People— well, some, at least — bemoan the e-assault on the printed word.
Progress is making tombstones of tomes. It’s easy to believe that the days of Sunday newspapers waiting on doorsteps and magazine racks standing sentinel at checkout counters will soon pass into history’s mists. Before long, the librarian may meet the centurion on the junk pile of superannuated vocations.
Still, sports columns, novels, memoirs and the like continue to find readers, albeit on iPads and Kindles rather than on ink-freckled wood pulp. Poetry, however, faces far direr straights. Aside from the occasional poetry slam and the fact that the U.S. still appoints a Poet Laureate each year (currently Natasha Trethewey — I dare you to tell me you’ve heard of her), poetry seems to be fading from the collective cultural consciousness. It is sadly going gentle into that good night.
Why does this matter? Because poetry is more elemental than prose. It howls and screams, but even its whispers can rend the sky. For this reason if no other, There Is A Happiness That Morning Is is an extremely important play. It is a play about poetry that is also, effectively, a poem itself. The language, full of couplets and quatrains, feels almost Shakespearean at times. Its crafting, by playwright Mickle Maher, is nothing short of an artistic marvel. That such an ingenious piece of theater not only champions poetry but also plucks at the audience’s heartstrings and puts wide smiles on its faces qualifies this work as at least a minor miracle.
The play concerns itself with Bernard (Jeremy Make), Ellen (Amanda Berg Wilson) and Dean (Jim Walker). Bernard and Ellen are professors of poetry. They both focus on the works of William Blake, and they happen to be lovers. Dean is their boss and is currently at odds with the two educators for reasons that I cannot divulge but which drive the proceedings.
In a bit of deftly done and welcome role reversal, Bernard is the less-credentialed, almost debilitatedly love-struck and starry-eyed one in the relationship. Ellen possesses a Ph.D., a more practical worldview and a harder edge. She is, at times, decidedly angry and even defiant. The play tells us why Ellen feels as she does, but again, that is a secret I will not share as it is central to both character development and plot. What I will say is that Ellen and Bernard share an abiding, arresting and realistically complicated love.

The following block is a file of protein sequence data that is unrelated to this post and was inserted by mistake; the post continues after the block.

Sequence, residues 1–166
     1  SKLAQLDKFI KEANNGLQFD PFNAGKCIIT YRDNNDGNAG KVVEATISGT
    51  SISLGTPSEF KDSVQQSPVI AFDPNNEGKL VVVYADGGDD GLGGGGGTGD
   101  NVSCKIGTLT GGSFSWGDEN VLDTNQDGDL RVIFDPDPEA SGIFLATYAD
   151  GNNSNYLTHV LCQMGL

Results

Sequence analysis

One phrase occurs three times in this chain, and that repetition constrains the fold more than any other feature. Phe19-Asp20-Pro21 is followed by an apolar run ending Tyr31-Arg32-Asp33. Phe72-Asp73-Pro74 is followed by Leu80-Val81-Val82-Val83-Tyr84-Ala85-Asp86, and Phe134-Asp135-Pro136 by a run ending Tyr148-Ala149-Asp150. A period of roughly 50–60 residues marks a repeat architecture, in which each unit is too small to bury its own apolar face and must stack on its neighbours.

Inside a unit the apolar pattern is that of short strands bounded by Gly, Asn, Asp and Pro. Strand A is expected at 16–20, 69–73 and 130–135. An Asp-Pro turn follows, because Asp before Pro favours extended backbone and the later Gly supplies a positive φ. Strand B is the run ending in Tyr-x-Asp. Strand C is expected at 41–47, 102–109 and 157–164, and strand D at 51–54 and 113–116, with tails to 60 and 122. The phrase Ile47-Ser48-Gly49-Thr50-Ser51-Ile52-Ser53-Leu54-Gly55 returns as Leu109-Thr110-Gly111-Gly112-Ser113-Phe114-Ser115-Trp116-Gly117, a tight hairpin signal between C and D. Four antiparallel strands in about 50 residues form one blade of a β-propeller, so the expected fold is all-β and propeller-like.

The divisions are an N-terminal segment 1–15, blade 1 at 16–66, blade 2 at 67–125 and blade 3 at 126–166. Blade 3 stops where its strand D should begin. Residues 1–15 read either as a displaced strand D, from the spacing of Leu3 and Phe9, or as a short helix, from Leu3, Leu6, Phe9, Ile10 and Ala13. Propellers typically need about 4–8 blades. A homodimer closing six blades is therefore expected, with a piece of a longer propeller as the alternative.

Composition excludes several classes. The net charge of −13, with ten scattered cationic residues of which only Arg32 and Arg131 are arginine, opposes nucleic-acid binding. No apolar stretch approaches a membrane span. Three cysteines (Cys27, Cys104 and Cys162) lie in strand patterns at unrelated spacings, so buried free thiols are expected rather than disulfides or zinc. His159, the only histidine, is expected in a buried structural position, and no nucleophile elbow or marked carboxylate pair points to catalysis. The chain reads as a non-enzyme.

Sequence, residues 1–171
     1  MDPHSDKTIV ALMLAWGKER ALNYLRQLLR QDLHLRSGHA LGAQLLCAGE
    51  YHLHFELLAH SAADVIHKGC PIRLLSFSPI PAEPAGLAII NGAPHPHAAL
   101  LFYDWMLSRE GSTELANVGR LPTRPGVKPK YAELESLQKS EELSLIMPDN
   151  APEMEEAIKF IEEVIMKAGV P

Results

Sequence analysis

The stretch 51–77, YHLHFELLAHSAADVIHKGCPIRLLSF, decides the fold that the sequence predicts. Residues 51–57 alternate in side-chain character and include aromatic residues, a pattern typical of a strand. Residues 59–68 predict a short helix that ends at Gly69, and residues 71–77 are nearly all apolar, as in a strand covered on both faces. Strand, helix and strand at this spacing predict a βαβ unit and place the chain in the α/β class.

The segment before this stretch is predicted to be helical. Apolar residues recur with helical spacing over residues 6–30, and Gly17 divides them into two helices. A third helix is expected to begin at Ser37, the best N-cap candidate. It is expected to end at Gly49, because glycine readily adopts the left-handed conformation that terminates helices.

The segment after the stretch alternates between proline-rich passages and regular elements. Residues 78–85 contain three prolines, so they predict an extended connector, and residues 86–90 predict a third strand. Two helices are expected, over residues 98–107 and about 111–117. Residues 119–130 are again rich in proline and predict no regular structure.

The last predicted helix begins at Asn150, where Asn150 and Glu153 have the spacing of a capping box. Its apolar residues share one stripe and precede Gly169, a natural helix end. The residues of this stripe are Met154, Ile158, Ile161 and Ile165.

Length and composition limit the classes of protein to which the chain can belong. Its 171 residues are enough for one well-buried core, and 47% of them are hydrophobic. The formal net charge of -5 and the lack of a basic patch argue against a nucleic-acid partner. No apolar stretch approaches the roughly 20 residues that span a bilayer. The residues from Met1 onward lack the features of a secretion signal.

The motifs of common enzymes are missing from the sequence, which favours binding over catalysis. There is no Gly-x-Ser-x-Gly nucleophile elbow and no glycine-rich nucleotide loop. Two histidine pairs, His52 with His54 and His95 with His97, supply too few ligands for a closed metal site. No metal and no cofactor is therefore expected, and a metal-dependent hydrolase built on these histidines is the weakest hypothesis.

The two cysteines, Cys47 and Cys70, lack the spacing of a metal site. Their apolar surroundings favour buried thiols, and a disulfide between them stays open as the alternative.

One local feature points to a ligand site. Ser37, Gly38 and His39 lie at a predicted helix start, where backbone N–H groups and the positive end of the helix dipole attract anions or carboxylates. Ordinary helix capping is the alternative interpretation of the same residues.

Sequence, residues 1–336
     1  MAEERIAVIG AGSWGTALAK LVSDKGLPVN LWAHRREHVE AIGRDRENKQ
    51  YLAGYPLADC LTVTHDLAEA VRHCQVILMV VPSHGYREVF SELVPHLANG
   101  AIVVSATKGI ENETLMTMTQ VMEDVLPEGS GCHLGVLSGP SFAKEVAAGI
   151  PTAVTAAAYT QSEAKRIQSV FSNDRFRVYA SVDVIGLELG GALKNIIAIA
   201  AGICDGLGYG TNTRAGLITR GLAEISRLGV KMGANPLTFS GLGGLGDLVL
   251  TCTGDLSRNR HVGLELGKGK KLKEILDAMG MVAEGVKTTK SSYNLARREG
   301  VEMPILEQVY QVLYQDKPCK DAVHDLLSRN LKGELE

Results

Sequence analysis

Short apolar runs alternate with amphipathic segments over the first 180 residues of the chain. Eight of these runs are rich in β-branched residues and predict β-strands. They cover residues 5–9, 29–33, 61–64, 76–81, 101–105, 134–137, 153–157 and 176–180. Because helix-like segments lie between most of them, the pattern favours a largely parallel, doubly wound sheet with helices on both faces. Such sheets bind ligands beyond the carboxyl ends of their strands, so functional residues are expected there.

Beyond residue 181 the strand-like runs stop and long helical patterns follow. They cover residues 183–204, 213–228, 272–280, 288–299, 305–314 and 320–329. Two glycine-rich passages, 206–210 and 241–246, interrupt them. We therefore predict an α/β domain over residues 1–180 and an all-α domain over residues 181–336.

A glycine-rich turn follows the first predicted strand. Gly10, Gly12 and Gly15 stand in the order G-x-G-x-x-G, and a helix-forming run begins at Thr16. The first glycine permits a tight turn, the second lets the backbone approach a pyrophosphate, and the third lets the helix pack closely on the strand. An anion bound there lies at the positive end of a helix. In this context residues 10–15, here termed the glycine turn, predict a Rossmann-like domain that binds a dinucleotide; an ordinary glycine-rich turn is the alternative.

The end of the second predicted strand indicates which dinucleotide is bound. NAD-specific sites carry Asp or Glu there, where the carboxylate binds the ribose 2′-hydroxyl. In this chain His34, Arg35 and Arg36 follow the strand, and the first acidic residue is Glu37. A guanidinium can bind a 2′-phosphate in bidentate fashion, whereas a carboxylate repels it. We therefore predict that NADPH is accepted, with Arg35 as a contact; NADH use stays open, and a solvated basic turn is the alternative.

The first half of There Is A Happiness That Morning Is features very little dialogue. Instead, Bernard and Ellen alternately expound and recite. In what are essentially a set of extended soliloquies, the lovers slowly illuminate the viewer on the beauty of William Blake’s — and Mickle Maher’s — poetry, the nature of their own relationship and the prime mover of the play’s plot. In the second half of the play, the two begin to converse more with one another and, later, with Dean. Throughout, the words they use and the images they convey are positively beauteous.
All three actors earned the rousing applause they received at the end of the performance I attended. Jeremy Make resembles, sounds, and even acts somewhat like a younger Will Ferrell, and if his work in There Is A Happiness That Morning Is is any indication, he could end up just as famous. Amanda Berg Wilson reminded me of Carla Gugino circa Sin City. She made me believe and feel Ellen’s every utterance. As Dean, Walker actually plays the most complicated and comical character, and he pulls it off with aplomb.
With There Is A Happiness That Morning Is the Catamounts have a rafter-shaking hit on their hands. Far more than a literary science project, this play unites poetry and theatre in a way I have never experienced before. It will inspire you. The only question is in what way, and to that question there are as many answers as there are members of its audience.